In any case, these scenarios aren’t easy to model—especially since nations might respond in unpredictable ways. (If crude output started shriveling, some oil producers could start restricting exports. Or fuel subsidies could affect demand elasticity. ) All told, however, the IMF authors say it’s quite possible that a decent-sized decline in oil production could have “dramatic” effects that could prove very, very difficult for the world to adjust to.

Washington Post

19 Comments on "IMF study: Peak oil could do serious damage to the global economy"

  1. GregT on Sat, 27th Oct 2012 6:53 pm 

    Growth, growth, growth, growth, growth. Growth, growth, growth. Growth, growth, growth, growth.

    Anyone else see the problem with this?

  2. Rick on Sat, 27th Oct 2012 8:58 pm 

    IMF = assholes, crooks, etc.

    Growth is dead, or soon to be.

  3. Plantagenet on Sat, 27th Oct 2012 10:04 pm 

    Its possible to substitute natural gas for oil in some areas of the economy. This would leave more oil for those portions of the economy where its use is essential.

    Change is hard, but not impossible.

  4. Sharpie on Sat, 27th Oct 2012 11:49 pm 

    Maybe we wouldn’t be in this mess if the population could control itself.

  5. Arthur on Sat, 27th Oct 2012 11:59 pm 

    Where would we be without the IMF…

  6. pamur on Sun, 28th Oct 2012 12:15 am 

    The industrial world will not stand by and let its growth be eroded away like that, even at slow rates, for long. We will go forth and take what, we know deep down, belongs to us. Is that in the IMF model.

  7. BillT on Sun, 28th Oct 2012 1:50 am 

    “IMF study: Peak oil could do serious damage to the global economy”

    THAT has got to be the understatement of the year!

    But then, it’s coming from the IMF, the killer of economies and countries. Destroyer of the world economy.

    Growth is over. There is no
    ‘alternate’ that can save it.

  8. MrEnergyCzar on Sun, 28th Oct 2012 3:36 am 

    It’s already done damage since we peaked years ago….


  9. Newfie on Sun, 28th Oct 2012 3:54 am 

    The global economy is a massive Ponzi scheme based on consuming ever increasing amounts of oil and other non-renewable resources. And we all know what happens to Ponzi schemes…

  10. Norm on Sun, 28th Oct 2012 5:39 am 

    Jesus will put more oil into the ground.

  11. Arthur on Sun, 28th Oct 2012 9:13 am 

    Hmm, so far Allah is more successfull in subsidizing his clients with free sweet crude.

  12. ElaX on Sun, 28th Oct 2012 9:26 am 

    I love the comment: “THAT has got to be the understatement of the year!”.

    Scenario 4 (Oil turns out to be far more important than most economists had assumed) is real: transports rely at 98 % on oil and we have no good alternative. Did the economists forget transports are vital for any economy ?

  13. CJ on Sun, 28th Oct 2012 12:20 pm 

    Well I guess IMF being late is better than never.

  14. SOS on Sun, 28th Oct 2012 2:06 pm 

    birth, growth, death. It happens to living things, business, economies, in fact all systems go through those stages. To say growth is dead is making a statement that has no meaning beyond emotional.

    In a ponzi scheme no value is added. Value is added in economic activity. This is done by employing the four factors of production: land, labor capital and management.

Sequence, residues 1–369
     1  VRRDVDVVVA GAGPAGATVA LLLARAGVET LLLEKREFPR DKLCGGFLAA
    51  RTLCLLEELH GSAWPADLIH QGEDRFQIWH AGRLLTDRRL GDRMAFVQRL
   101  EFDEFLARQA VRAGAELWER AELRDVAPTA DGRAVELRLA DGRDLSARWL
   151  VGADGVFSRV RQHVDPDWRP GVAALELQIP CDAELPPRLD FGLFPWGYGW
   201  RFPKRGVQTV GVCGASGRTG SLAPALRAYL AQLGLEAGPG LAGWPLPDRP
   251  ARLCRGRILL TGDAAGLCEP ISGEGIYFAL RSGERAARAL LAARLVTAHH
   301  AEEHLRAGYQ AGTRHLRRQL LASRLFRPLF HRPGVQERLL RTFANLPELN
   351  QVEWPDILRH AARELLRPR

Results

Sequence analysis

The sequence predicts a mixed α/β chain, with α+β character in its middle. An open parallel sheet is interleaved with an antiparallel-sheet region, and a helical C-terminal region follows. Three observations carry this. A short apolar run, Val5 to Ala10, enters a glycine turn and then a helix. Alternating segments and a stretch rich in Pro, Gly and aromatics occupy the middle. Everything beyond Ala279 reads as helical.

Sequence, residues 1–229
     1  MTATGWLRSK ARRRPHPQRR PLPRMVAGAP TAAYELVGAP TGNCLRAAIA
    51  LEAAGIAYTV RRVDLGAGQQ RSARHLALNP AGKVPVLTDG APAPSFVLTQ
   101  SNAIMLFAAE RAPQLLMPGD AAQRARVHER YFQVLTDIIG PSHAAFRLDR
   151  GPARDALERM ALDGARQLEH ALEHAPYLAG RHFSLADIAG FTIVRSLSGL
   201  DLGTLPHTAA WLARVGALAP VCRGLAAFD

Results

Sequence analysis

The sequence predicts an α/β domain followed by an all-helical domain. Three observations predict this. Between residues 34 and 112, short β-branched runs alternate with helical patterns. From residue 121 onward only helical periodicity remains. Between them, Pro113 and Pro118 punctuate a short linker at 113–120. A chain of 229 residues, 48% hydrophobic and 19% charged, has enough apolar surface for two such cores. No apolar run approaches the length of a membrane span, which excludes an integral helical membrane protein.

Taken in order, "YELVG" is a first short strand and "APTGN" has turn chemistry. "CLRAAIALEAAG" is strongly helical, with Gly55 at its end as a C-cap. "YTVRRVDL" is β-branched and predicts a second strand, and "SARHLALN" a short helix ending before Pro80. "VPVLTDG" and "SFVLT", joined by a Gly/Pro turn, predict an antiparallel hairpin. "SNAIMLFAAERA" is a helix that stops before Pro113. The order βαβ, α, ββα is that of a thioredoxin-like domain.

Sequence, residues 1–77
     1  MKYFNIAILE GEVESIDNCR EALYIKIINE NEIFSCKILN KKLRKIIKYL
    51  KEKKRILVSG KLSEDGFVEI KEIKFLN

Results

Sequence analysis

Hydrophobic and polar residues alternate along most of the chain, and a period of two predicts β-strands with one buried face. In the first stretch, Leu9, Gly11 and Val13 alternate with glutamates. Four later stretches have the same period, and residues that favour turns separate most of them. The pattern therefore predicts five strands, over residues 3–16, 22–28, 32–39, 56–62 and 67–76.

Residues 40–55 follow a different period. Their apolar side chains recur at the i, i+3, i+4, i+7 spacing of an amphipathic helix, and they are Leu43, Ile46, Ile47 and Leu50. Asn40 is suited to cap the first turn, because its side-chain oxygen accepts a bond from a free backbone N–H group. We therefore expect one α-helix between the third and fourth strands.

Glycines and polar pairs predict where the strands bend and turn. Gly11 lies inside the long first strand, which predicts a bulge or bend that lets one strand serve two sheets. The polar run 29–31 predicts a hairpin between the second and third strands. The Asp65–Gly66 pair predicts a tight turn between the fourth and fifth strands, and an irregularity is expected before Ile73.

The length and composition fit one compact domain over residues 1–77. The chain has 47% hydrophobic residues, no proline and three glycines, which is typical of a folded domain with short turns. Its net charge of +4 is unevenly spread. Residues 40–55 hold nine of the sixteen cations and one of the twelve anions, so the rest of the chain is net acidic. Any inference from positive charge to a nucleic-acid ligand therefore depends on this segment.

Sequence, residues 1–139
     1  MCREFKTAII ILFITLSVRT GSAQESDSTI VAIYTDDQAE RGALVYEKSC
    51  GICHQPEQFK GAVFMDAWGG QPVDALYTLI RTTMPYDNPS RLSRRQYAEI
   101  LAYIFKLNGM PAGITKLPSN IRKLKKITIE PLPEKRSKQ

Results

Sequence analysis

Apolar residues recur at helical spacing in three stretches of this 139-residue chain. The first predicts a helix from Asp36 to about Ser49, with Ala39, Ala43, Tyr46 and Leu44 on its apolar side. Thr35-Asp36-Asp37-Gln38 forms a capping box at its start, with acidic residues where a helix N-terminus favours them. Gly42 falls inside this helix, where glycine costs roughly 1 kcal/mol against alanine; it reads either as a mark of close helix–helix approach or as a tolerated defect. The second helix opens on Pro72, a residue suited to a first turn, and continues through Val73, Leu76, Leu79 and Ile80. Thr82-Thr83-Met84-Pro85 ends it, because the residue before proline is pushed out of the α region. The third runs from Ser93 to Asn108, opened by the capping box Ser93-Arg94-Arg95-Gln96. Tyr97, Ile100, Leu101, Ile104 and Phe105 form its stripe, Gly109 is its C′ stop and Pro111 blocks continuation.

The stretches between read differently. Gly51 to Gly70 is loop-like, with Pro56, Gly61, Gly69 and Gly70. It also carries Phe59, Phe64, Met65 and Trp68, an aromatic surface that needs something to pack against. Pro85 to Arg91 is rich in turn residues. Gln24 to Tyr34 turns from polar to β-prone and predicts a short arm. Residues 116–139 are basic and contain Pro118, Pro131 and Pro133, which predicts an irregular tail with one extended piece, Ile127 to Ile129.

15. luapsimpson on Sun, 28th Oct 2012 6:38 pm 

    25% unemployment in prices reduced for the past 5 years in many wage increases for about the same time, no jobs for 1 million youths in the uk..eurozone dept crisis..millions on food stamps in name but a few…growth is dead..more dribble from sos

  16. GregT on Sun, 28th Oct 2012 8:32 pm 

    Birth, growth, death. Pretty much sums it up.

    Anyone care to stop and think for a moment what the death of the worlds economies will look like. I can guarantee that it will be much more than just emotional.

    Land, labor, capital and management will not accomplish anything without a means to extract, refine and transport resources.

  17. SOS on Sun, 28th Oct 2012 9:51 pm 

    Im not sure why the death of any economy is bad. They will always be reborn because people always have to take care of themsleves. The idea the economy is going to crash is ok, but really meaningless. The real quesstion is how to prepare yourself for the future you think you will have. I am sure the better we all work together to maximize our wealth the better off we all will be.

  18. GregT on Mon, 29th Oct 2012 4:08 am 

    Human beings do not have the best track record when it comes to working together, especially when it comes to wealth.

    Millions have been ruthlessly slaughtered in the past, and there is no indication that this will change in the future.

    When economies crash, societies crash. People will do whatever it takes to survive, especially if their children are hungry.

    The economy may be reborn, but what has historically occurred in transition is not what I personally would consider to be bad, I would consider it to be horrific.

  19. SOS on Mon, 29th Oct 2012 10:01 pm 

    I dont see the horrific crash that would bring our society down. I see a change in the way we manage our public resources. I think the private sector does ok as is. 1 trillion on means tested social programs last year is too much. 30% increase from 2008 is too much. What I see is a change in our asseet allocations. We have resources and abilities to put anybody to work that wants a job. As soon as we do that we will be working together to maximize our wealth.